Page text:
That said, Texas is clearly for real.  They have the third-best run differential in baseball, trailing only the Yankees and Rays.  They've won series against the Rays, Tigers, and Angels, and are currently sitting on a 13-5 record in their own division.

Los Angeles Angels (Sustainability Factor: B+)

The Angels were in last place early in May, but have made a familiar climb back into the divisional race, now standing just 3.5 games back of Texas.  The Angels did not benefit from the soft underbelly of the NL Central the way that their division rival did, as they played six against the Dodgers, three against the Cardinals, and have three to come against the Rockies, so their 9-5 interleague record is pretty impressive.

The Angels have once again dealt with some tough breaks.  Kendry Morales is out for the season.  Erick Aybar could also miss significant time.  However, there real problems are a disastrous bullpen and a stagnant offense, which has not been about to score at will the way it did in 2009.  There's a strong chance players like Hideki Matsui and Juan Rivera will be much more productive in the second half, which could be enough to keep the Angels in the race, but don't be surprised if they are one of the most active teams at the deadline.  They will have flexibility in a way the bankrupt Rangers don't.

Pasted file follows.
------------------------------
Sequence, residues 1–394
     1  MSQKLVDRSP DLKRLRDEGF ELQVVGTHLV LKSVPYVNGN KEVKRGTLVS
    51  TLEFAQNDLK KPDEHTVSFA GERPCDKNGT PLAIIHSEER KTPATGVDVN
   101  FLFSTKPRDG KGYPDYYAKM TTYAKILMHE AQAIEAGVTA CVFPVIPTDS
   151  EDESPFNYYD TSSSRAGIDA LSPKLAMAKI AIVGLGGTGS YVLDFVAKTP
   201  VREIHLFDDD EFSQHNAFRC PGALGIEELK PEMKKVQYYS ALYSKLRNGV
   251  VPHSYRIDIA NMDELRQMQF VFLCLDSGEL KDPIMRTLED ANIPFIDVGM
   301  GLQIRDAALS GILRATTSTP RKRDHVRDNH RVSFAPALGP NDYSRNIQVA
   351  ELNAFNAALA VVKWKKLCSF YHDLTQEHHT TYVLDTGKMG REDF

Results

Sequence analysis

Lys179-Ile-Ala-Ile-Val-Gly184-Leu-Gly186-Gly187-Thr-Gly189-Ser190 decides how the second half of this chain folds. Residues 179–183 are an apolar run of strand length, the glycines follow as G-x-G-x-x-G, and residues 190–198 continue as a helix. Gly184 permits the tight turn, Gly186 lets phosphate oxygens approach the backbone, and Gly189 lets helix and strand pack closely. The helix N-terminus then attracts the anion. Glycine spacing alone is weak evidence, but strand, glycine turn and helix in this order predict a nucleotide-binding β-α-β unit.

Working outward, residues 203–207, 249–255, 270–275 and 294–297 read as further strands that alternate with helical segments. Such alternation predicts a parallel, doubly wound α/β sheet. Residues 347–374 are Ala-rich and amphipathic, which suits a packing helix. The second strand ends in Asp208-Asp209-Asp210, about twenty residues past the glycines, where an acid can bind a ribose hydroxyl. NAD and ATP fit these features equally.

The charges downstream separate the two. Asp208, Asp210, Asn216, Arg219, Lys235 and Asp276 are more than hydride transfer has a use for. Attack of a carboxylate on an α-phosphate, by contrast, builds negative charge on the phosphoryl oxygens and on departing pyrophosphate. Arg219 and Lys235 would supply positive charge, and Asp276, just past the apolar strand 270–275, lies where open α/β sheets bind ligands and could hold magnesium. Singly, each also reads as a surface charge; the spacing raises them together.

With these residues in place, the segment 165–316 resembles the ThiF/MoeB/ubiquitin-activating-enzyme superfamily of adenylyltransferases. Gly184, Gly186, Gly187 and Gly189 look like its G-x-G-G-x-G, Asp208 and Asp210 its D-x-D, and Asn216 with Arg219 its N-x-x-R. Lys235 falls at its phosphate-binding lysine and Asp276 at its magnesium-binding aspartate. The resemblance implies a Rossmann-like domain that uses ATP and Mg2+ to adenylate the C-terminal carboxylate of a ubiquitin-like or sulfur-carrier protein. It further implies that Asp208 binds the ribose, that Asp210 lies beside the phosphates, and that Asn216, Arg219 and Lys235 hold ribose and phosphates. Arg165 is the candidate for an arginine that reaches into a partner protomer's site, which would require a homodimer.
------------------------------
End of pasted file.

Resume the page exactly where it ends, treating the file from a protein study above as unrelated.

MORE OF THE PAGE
Chicago White Sox (Sustainability Grade: C+)

On the third of June, the ChiSox were eight games under .500 and 8.5 back in the Central.  Rumors swirled about possible trades and maybe a precipitous end to the Ozzie Guillen era.  Now, the White Sox are three games above .500 and only 2.5 back.  They've won nine in a row and fifteen out of their last nineteen, including eight of nine on the road.  

Although the White Sox did just complete a sweep of the first-place Braves, they really got rich this June off the Nationals, Pirates, and Cubs, compiling an insane 13-2 record in interleague play, with another series against the Cubs still to come.  So, it is understandably tempting to call "bullshit" on the White Sox recent hot streak.  They have won only one series all year against an AL contender (New York, Boston, Tampa Bay, Minnesota, Detroit, Texas, and Los Angeles).  However, they will play 24 games against the Twins and Tigers in the second half, which should certainly be treated as "opportunity."  

Seattle Mariners (Sustainability Factor: D-)

The Mariners were a popular preseason choice to win the AL West.  They currently sit thirteen games back and, until recently, seemed on the verge of throwing in the towel.  A six-game winning streak could be enough to at least delay the Cliff Lee trade talks.  Seattle swept the Twins earlier this month and recently swept the Reds as well, both first-place teams.  In between, however, they lost series to St. Louis and San Diego.  

There are causes for optimism.  Chone Figgins has busted out of his season-long slump.  Ichiro has been dominant.  The rotation has been consistently fantastic.  However, their run differential this month is actually worst than it was in April and May, because basically everybody else stinks.  They have won only one series this season against a divisional opponent (Oakland), compiling a 3-16 record against the Rangers and Angels.  This team isn't going anywhere...not this year.